Is there an ideal way of coming to terms with the end of a marriage, or is better to take it as it comes? The heroine of Shinji Imaoka’s relationship drama Far Away, Further Away (遠くへ,もっと遠くへ, Tooku e, Motto Tooku e) thinks she has it all figured out and has started taking practical steps towards an efficient separation only to have the rug pulled from under her never having considered that her husband may also be unsatisfied and her attempts to mitigate his hurt feelings therefore less than relevant. Imaoka began his career in pink film and is probably best known outside of Japan for the erotic musical fantasy Underwater Love but has in recent years taken to more contemplative drama such as 2019 study in grief Reiko and the Dolphin, here continuing a key theme in the exploration of the difficulties in relationships between men and women. 

The main reason Sayoko (Manami Shindo) wants to leave her husband is that they’ve simply grown apart. Smiling gently at a sweet older couple looking at a two-seater sofa in the furniture store where she works, she reflects on their words that a marriage is weaker without common interests realising that she and Goro have none. A fishing obsessive, Goro usually retreats to his room after dinner to update his blog and fondle fishing equipment while her suggestion that she join him on his next trip is met with less than enthusiasm. Meanwhile, though she likes her job at the furniture store she’s beginning to feel as if she’s stuck in a rut and no closer to achieving her dreams of becoming an interior co-ordinator disappointed to discover a quote she’d written for younger couple who seemed happy enough in the shop screwed up in the park. One might assume they’ve obviously had an argument about it on the way home which probably isn’t anything to do with Sayoko but still she begins to wonder what the point is leading to Goro to advise her to quit her job laying bare the true source of his dissatisfaction in the marriage in that he was looking for a woman prepared to become a conventional housewife which in turn might explain why he’s not interested in the shared interests approach to marriage Sayoko suggests but prefers to maintain a separate lives model in which she takes care of the domestic while he has his work and individual hobbies to blow off steam.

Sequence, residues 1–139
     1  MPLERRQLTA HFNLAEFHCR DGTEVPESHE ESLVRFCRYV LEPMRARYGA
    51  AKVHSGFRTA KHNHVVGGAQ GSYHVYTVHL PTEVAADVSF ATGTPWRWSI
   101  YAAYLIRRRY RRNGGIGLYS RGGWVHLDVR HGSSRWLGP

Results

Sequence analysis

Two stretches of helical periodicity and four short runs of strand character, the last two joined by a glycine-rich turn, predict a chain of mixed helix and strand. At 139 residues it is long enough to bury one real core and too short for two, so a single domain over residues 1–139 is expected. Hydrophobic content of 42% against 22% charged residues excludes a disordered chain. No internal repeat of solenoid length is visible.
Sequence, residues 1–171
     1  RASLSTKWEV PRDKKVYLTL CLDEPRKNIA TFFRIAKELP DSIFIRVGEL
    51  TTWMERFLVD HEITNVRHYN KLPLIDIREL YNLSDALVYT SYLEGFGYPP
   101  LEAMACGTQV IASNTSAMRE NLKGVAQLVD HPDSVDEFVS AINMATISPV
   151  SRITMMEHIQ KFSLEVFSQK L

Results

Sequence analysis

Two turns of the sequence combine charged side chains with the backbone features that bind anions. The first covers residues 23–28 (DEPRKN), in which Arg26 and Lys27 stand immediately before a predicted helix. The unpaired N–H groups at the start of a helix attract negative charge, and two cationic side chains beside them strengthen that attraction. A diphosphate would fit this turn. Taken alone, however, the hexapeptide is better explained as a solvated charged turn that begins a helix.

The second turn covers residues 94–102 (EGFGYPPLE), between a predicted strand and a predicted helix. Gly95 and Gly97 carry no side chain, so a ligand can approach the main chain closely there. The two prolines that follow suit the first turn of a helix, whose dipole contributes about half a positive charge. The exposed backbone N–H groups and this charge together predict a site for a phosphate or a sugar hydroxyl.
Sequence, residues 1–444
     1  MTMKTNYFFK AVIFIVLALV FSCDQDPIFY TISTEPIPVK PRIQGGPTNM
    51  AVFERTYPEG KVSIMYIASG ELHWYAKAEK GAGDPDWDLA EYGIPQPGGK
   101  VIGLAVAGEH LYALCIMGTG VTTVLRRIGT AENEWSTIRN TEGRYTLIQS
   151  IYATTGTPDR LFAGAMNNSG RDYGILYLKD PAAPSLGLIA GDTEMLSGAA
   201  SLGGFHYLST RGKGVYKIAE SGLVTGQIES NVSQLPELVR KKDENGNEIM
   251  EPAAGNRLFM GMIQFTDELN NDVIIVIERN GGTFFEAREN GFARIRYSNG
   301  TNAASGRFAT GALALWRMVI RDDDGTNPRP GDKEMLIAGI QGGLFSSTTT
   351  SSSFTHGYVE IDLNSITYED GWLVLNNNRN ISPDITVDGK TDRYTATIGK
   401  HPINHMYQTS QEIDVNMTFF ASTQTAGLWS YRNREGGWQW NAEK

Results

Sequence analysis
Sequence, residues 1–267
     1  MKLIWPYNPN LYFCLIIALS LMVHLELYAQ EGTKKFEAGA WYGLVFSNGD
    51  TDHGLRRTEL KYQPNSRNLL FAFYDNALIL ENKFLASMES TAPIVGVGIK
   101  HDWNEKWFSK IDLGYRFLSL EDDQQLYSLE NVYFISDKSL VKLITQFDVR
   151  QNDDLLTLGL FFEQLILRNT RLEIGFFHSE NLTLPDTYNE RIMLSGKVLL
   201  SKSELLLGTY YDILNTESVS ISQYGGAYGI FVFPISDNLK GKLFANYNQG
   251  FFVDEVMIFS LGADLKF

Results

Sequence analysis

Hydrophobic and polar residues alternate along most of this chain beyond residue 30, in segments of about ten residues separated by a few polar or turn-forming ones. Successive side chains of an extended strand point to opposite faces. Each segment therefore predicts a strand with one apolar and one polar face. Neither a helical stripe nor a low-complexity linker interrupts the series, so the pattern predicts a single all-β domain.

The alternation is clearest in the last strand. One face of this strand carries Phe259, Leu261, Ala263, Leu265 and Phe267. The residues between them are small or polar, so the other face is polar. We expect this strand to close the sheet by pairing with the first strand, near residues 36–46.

So distant from each other have they become that Sayoko hasn’t really realised she’s not the only one who wanted to end the marriage nor has he seemingly realised she’s in the process of leaving him. Her plan for a measured exit is nixed by her husband’s request for a divorce but through her quest to find a new apartment she gradually draws closer to lovelorn estate agent Yohei (Kaito Yoshimura) who is particularly interested in her story as his own wife, Mitsuko, left him seemingly out of the blue some years ago and he’s never really come to terms with it a part of him still assuming she’ll eventually come back. In a bid to find some closure Sayoko suggests they take off together to look for her so he can start to move on, heading north on a Hokkaido-bound road trip that takes her back to her own hometown where she reflects on her parents’ marriage after discovering her mother’s second life as a widow in which she has begun to fulfil herself as a singer no longer required to fulfil the role of the traditional housewife which Sayoko had rejected. 

Dealing with their respective baggage the pair grow closer and begin to move on together, further and further away until they reach the coast looking for a ferry to take them on to Sakhalin. The memories of old lovers retreat further and further away too, increasingly blurred and distant eclipsed by new ones even if a sense of loneliness remains. Contrasting the verdant natural vistas of rural Hokkaido with the greyness of Tokyo city life Imaoka adds a sense of childlike wonder as his heroine’s tendency to dance while repeating the same phrase with increasing intensity begins to rub off on her dejected love interest, making the case for striking out for a far off happiness rather than simply resigning oneself to an unsatisfying present. 

Far Away, Further Away screened as part of Osaka Asian Film Festival 2022

Original trailer (no subtitles)

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